(Photo: Reuters/Afolabi Sotunde)
A Nigerian man was charged on Friday for the 2011 Christmas Day bombing of a Roman Catholic Church in Madalla, on the outskirts of Abuja, which killed 37 people and wounded 57 others.
Kabiru Sokoto was arrested in January 2012, but managed to escape a day later, before being captured by authorities again, Reuters reported. Justice Adeniyi Ademola has charged him with terrorism, to which the man has pleaded not guilty.
The Daily Post, a Nigerian publication, says that Sokoto allegedly has links to the Boko Haram terrorist organization, which claims responsibility for the bombing of St. Theresa Catholic Church in Madalla. The faction has slaughtered close to 3,000 people in bombings and shootings of churches and government buildings in the last few years in Nigeria.
"The Nigerian state and Christians are our enemies and we will be launching attacks on the Nigerian state and its security apparatus as well as churches until we achieve our goal of establishing an Islamic state in place of the secular state," Boko Haram said in a June 2012 video.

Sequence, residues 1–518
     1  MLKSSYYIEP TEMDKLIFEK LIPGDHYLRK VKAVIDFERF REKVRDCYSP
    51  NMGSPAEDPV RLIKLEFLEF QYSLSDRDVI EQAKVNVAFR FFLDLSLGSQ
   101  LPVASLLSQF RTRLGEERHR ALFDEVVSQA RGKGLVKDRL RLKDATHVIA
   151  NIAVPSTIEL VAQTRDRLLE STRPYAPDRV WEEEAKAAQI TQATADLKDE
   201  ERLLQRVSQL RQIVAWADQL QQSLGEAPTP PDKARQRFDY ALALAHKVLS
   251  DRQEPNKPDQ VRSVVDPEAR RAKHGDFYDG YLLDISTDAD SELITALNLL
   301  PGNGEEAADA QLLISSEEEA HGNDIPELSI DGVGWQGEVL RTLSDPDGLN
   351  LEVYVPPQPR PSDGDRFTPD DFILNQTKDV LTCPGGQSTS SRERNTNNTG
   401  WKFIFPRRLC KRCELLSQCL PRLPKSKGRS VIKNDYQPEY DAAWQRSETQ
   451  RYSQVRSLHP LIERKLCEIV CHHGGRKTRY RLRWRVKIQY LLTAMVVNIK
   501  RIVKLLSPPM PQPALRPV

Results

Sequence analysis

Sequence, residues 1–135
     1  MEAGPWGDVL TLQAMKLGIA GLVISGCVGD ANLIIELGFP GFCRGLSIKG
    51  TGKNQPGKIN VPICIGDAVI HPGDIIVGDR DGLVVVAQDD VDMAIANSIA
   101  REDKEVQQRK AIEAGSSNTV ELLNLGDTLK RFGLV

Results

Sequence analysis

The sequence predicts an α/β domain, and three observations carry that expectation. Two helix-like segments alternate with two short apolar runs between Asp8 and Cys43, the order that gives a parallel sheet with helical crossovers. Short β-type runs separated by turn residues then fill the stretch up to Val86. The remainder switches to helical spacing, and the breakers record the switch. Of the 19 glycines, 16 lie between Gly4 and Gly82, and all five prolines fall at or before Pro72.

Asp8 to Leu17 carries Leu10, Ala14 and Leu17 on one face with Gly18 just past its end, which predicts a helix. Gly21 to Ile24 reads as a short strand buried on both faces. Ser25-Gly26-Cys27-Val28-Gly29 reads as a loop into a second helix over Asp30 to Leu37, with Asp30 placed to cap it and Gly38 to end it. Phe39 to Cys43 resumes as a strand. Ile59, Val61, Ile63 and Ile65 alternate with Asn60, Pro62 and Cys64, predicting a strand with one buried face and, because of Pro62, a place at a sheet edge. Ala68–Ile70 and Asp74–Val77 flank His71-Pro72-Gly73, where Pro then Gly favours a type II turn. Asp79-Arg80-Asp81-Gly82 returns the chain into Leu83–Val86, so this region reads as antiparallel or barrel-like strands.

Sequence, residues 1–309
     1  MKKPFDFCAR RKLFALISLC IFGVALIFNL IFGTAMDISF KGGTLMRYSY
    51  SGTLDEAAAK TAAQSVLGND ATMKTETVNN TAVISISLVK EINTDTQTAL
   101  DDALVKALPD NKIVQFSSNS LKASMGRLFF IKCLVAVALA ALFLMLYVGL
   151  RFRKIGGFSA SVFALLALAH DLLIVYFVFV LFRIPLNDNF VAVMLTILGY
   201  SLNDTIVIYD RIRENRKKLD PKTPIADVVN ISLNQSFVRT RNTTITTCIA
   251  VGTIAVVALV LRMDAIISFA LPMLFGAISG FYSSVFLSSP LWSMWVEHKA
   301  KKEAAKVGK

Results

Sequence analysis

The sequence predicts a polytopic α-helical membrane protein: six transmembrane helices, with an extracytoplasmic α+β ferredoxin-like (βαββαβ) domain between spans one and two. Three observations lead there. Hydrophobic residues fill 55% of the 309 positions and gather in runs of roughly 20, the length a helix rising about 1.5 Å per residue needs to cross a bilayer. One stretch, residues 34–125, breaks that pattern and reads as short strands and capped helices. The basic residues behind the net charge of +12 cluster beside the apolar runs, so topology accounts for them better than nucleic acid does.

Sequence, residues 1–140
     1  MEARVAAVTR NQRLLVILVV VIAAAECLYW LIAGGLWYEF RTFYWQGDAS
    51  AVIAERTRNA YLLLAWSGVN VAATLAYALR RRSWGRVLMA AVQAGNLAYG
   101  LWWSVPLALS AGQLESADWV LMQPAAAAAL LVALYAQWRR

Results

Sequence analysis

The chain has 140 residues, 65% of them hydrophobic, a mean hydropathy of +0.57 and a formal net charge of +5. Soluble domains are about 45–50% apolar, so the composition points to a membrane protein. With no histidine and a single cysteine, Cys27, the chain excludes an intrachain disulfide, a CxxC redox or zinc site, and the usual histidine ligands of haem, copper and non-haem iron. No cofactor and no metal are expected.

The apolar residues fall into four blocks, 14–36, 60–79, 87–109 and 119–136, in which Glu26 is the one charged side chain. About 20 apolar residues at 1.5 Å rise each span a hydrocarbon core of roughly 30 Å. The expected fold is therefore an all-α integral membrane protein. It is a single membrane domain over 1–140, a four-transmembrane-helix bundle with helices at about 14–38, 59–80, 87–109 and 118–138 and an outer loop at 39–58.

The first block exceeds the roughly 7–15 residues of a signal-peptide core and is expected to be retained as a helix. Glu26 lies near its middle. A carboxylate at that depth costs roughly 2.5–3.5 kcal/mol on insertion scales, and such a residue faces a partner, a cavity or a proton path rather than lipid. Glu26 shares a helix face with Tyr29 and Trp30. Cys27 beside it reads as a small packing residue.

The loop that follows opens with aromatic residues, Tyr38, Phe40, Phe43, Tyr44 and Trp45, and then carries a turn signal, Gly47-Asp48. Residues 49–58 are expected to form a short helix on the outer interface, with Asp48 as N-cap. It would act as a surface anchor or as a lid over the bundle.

Despite the efforts of President Goodluck Jonathan, the terrorist group continues its attacks, and because of its shadowy nature, few of its members have been identified or captured.
"The accused was charged for allegedly being a member of a terrorist group known as Boko Haram between 2007 and 2012 at Mabira Sokoto in Sokoto State. He was also allegedly found to have facilitated the execution of a terrorist act within the period," The Daily Post report.
Sokoto's case has been adjourned for May.
Just last week, Boko Haram rejected any notions that it would be willing to accept an amnesty deal from the government as a way to stop the killings.
"Surprisingly, the Nigerian government is talking about granting us amnesty. What wrong have we done? On the contrary, it is we that should grant you [a] pardon," argued Abubakar Shekau, the group's leader, in Hausa language audio recordings.